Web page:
Neutral doesn’t have to mean boring! I took some plain canvas fabric I had and, inspired by the oh-so-popular mudcloth trend, cut it into panels and sewed it together with contrasting navy thread:
There are a million more ideas for sewing simple pillows to change the look of your space – and when I try them all, you’ll see it here!
I’ve decided to call my crafting style “serial crafting monogamy.” I definitely go on streaks where I fall in love with a new technique and can’t get enough of it. Right now, I’m sure you have noticed, I am addicted to macrame. Once I got the hang of it, I have so many ideas to try!
Today’s post is about adding color to your plant hangers – I did this with dyeing an ombre pattern as well as with adding colorful embroidery floss.
If you want to go back and see other posts on macrame, here are the links:
And I just recently discovered Bobbiny cotton rope from Poland. It’s so soft, recycled, and beautiful, so I’m definitely scheming to add more color to my macrame projects that way!
People often comment on the great light we get in our house. A lot of that has to do with the good fortune of having big windows and a bright western exposure. But wherever you live, there are some tricks … Continue reading
People often comment on the great light we get in our house. A lot of that has to do with the good fortune of big windows and a bright western exposure. But wherever you live, there are some tricks you … Continue reading
I’ve mentioned before that we use our formal dining room for most of our meals. This was a tradition my mother started when my sister and I lived at home, and I enjoy continuing it with our family.
I’ve posted about durable tablecloths and table runners to give your dining room a more formal look while still holding up to the kids. Recently, I have been debating about adding a dining room rug. I never even entertained (ha) this idea until the last few months, now that the kids are older and (a little) less messy. I really wanted the finished look of a rug, but I need to keep things practical as well.
I’m going to share my inspiration rooms, our current space, and the rugs I’m considering. There are literally thousands of options out there, and I’ve narrowed them down to my favorites.
First, here’s how our dining room looks now, without the rug.
The vintage rugs in these rooms feel accessible, because the complex patterns will hide small stains. This set me on a hunt for a vintage-style Persian rug for our dining space. While part of me would love to find a gorgeous high-quality wool rug, I am just too chicken – or too smart? – to put a few thousand dollars under my table for my kids to drop food on and my dog to lick… so, at least for now, I decided to look for an inexpensive synthetic rug that won’t make me cry every time something falls on it.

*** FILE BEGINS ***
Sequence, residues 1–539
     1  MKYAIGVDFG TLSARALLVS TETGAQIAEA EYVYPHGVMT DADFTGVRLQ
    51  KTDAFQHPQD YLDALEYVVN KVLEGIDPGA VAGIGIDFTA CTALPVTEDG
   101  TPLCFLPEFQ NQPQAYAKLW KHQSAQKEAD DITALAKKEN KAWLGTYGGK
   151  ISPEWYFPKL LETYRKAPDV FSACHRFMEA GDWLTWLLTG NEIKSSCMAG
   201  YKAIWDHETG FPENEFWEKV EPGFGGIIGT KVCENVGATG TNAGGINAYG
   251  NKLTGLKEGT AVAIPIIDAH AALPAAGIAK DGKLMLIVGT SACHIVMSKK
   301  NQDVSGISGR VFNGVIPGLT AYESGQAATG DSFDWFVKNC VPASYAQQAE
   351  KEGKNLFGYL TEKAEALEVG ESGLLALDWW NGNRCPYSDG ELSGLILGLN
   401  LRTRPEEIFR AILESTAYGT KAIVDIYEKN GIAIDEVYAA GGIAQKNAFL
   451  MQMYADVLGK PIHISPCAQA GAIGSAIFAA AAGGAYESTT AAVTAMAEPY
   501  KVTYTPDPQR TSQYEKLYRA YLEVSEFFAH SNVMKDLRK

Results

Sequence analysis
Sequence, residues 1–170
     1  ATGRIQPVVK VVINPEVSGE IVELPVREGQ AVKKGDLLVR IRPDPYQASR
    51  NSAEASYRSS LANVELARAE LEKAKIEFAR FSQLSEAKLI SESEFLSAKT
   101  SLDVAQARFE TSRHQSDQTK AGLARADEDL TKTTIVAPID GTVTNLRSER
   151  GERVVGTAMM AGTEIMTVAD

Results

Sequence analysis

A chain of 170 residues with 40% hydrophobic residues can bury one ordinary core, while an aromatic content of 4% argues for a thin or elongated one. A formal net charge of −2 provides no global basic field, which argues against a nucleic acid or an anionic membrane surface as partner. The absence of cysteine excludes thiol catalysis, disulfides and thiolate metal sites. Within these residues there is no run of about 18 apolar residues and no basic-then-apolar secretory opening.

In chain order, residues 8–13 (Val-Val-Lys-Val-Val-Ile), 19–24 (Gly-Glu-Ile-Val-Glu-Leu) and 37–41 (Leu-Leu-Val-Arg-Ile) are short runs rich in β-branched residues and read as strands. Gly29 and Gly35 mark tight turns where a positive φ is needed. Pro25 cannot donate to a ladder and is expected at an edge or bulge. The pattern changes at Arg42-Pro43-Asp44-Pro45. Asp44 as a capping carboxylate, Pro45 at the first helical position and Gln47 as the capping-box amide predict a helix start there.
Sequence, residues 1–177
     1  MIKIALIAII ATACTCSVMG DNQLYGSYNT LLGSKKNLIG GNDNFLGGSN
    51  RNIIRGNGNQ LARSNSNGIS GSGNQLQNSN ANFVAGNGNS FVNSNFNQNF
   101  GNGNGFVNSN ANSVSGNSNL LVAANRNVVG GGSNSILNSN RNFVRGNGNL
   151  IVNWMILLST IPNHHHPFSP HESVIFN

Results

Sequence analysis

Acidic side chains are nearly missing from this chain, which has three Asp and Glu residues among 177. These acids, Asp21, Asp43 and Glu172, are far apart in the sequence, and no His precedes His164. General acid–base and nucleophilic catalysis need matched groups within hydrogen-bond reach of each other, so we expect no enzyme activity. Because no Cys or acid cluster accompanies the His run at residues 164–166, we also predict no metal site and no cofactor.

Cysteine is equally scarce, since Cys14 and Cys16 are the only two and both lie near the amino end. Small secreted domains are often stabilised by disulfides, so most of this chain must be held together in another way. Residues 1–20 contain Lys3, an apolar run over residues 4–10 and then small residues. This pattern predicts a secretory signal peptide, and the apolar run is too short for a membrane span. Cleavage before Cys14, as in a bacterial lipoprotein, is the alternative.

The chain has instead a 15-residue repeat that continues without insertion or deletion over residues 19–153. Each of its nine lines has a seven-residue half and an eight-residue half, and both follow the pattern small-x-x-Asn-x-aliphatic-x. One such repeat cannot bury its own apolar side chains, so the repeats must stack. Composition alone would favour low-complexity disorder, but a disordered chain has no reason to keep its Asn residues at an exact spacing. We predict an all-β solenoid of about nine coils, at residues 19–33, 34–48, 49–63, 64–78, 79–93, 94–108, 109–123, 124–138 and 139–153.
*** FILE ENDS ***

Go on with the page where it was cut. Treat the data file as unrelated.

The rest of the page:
Here is my short list of rugs. My color scheme is greys and blues, and I was looking for something that had pattern but was still muted enough to feel neutral.
And I have more rug ideas and inspiration rooms on my Pinterest board.
So, what do you think? Here’s another picture of the room currently. Our mantel is pretty busy, so I don’t want to add more busy-ness to the room, but I think it would really define the space and also show off the base of the table, which is a lovely Craftsman design.
I haven’t made a final decision yet, and I like all these rugs so much, that I might by more than one and put it in the living room or upstairs hallway…
So, whadya think?
I’m really excited to be a Guest Participant in my first One Room Challenge! This is a great way to get inspiration and motivation for your home. For this challenge, I’ve decided to re-do our kids’ bath. It started out with a cute beach theme that seemed perfect when the boys were little, but now I am ready for it to grow up with them. Our new look features neutral colors, natural touches, and enough personality to stand up to three boys! Thanks for following along!
- In week one, I took this room back to a blank slate, including a new wall color
- In week two, I started adding accessories to make the room functional again
- In week three, I built wall shelves to create storage and display space
- In week four, I added whimsical printed artwork
- In week five, I personalized towels for the boys